In this context we consider that making Court judgements regarding interpretation of the Convention mandatory for any State Party regardless of whether the given State was a party to the case (erga omnes effect) will make a considerable contribution to effective functioning of the Convention system and help reduce the number of applications to the Court.
We must, however, point out that the draft Declaration contains certain proposals which give grounds for concern. These include the proposal aimed not at reducing the reasons for applications to the Court, but at curtailing the right to individual application and restrictions on the Court’s jurisdiction.
We would note that suggestions such as reducing the time limit for submitting an appeal (Item 23 a of the draft declaration); restricting the right to submit applications via the mechanism for advisory opinions (Item 19); removal of the reservations on the application of the criterion of “significant disadvantage” (Item 23 of the draft) will not lead to a reduction in the number of applications to the Court, but will significantly weaken the right to individual applications which is an integral element of the Convention mechanism.
We consider that the insertion in the Convention of an additional definition of “manifestly ill-founded” set out in Item 23 of the draft Declaration will not reduce the Court’s workload. Virtually every case examined by the Court on its merits concerns the question of correct application by national bodies of the Convention in the light of Court case law. Artificially changing this issue into a question of admissibility will therefore reduce transparency and foreseeability of Court practice which will lead to an increase in the Court’s workload.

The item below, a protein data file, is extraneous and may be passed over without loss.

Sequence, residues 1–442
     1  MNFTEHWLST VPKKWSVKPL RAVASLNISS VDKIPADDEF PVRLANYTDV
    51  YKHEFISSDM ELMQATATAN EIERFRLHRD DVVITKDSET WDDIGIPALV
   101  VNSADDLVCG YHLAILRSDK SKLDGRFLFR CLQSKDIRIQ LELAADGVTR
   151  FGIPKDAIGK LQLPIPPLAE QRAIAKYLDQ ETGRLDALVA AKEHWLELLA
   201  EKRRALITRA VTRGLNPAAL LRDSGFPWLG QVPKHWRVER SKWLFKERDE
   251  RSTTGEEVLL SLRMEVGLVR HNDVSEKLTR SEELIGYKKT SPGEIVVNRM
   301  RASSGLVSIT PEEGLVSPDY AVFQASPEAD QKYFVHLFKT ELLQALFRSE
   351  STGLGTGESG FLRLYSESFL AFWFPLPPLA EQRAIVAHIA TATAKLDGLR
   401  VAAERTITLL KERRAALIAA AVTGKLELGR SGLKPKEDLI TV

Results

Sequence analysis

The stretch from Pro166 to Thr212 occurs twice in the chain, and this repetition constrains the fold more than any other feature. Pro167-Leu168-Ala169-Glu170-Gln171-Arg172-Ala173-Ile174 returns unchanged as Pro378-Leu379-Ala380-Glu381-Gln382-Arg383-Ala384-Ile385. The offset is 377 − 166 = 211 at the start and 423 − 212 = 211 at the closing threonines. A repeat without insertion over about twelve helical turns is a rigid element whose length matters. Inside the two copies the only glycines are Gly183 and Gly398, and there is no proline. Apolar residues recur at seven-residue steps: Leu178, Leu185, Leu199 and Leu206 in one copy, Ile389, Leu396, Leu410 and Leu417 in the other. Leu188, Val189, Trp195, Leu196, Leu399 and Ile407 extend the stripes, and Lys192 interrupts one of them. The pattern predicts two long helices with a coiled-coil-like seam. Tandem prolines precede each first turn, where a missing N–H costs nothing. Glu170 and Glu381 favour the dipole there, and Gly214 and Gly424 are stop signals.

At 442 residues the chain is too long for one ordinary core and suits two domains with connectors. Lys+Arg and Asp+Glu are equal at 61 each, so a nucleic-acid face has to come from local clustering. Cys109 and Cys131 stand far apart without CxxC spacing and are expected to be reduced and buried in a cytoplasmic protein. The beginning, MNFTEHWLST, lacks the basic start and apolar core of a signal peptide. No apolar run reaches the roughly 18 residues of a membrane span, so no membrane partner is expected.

We would warn against any attempts to use the doctrine of “a margin of appreciation” and that of “subsidiarity” which have been developed by the Court and are used with exemplary consistency in order to narrow the Court’s jurisdiction.
We are convinced that the “crisis” with the Court is merely evidence of the crisis in implementation by States Parties of their obligations under the Convention. Any reforms therefore aimed at restricting the right to individual applications and reducing the Court’s jurisdiction will merely be an attempt to close ones eyes to the problems and not resolve them.
We call on the Ukrainian Delegation to the High Level Conference in Brighton to not support initiatives aimed at restricting the Court’s jurisdiction and reducing the right to individual application.
At the same way we urge the Ukrainian Delegation to support initiatives aimed at ensuring the following priorities:
providing additional resources for the Court Secretariat and Committee of Ministers of the Council of Europe for carrying out the reforms envisaged in Protocol No. 14 to the Convention;
carrying out reforms aimed at enforcement of Court judgements and of the Convention at national level;
improving the quality and transparency of national procedures for selection of candidates for the post of European Court of Human Rights Judge.
Arkady Bushchenko, UHHRU Executive Director
Yevhen Zakharov, Head of the UHHRU Board